Medical Malpractice

Nation's Largest Medical Malpractice Insurer Admits Caps Will Not Lower Doctor's Premiums
Medical Malpractice

"The nation's largest medical malpractice insurer, GE Medical Protective, has admitted that medical malpractice caps on damage awards...will not lower physicians' premiums." This revelation, made to the TX Dept of Insurance, was contained in a document submitted by GE Medical Protective to explain why the insurer planned to raise physicians' premiums 19% a mere 6 months after TX enacted caps on medical malpractice awards. In 2003, TX lawmakers passed a $250,000 cap on non-economic damage compensation to victims of medical malpractice caps after Medical Protective and other insurers lobbied for the change. According to the Medical Protective filing: "Capping non-economic damages will show loss savings of 1.0 %." The company also notes that a provision in the Texas law allowing for periodic payments of awards would provide a savings of only 1.1%.. The insurer did not even provide its doctors that relief and eventually imposed a rate hike on its physician policyholders."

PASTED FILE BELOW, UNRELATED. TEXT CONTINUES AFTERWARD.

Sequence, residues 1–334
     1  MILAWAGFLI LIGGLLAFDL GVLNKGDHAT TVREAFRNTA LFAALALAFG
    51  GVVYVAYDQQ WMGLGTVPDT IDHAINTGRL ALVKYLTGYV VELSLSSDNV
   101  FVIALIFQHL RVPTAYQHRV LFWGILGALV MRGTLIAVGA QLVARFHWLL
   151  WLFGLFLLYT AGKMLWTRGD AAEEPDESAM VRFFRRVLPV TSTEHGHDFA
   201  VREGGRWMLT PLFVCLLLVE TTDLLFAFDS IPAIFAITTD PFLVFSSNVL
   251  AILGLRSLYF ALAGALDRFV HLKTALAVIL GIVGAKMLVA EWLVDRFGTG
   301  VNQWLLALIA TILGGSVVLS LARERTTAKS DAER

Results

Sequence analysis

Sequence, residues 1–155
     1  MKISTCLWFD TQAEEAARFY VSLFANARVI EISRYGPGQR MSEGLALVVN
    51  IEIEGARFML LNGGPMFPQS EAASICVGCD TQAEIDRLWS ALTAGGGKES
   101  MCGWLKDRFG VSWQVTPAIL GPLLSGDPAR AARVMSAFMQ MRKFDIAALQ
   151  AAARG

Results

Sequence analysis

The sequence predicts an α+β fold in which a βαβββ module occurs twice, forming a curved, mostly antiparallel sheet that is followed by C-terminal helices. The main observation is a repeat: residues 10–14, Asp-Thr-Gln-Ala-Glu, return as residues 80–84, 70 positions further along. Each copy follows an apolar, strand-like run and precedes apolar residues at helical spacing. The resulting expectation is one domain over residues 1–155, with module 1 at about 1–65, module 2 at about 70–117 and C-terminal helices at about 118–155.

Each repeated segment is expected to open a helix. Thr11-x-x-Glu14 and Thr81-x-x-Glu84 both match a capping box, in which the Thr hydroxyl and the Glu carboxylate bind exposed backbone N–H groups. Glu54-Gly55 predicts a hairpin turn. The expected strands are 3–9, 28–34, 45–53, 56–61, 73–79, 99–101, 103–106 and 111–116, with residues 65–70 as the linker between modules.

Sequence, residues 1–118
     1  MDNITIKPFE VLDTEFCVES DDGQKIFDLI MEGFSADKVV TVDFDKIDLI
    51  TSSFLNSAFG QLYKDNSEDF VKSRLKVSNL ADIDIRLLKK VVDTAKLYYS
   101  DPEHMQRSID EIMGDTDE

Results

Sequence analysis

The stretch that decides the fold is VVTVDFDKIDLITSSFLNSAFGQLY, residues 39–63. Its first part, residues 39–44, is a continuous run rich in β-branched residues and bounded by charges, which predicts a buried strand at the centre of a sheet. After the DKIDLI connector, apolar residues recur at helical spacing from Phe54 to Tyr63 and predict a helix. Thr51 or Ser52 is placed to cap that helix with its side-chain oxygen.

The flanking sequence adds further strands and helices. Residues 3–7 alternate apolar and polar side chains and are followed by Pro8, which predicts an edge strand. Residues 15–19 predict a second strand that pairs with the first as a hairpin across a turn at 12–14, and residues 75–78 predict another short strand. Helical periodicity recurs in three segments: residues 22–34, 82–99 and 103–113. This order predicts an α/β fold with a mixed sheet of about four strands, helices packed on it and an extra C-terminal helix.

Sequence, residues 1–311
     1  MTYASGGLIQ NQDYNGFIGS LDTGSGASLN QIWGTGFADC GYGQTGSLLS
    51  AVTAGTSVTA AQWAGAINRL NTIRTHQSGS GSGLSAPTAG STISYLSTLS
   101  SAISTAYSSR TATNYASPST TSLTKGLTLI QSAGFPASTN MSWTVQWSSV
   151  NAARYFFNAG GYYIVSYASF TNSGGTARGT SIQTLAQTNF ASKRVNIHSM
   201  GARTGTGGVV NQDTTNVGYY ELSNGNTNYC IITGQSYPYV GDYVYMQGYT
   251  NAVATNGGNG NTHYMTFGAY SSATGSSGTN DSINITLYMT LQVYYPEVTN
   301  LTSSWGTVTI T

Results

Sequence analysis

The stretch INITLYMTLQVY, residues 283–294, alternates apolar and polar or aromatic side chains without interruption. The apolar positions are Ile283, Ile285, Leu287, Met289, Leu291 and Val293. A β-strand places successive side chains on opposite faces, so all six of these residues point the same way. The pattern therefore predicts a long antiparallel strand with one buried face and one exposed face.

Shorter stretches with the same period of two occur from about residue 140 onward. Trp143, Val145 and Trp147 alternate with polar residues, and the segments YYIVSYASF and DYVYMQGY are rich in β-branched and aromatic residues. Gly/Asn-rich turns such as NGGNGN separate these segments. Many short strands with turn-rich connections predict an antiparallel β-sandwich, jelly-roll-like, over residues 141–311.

Democrats Block Malpractice Caps, Thereby Retaining the ONLY Current Deterrent to Killer Medical Errors
Medical Malpractice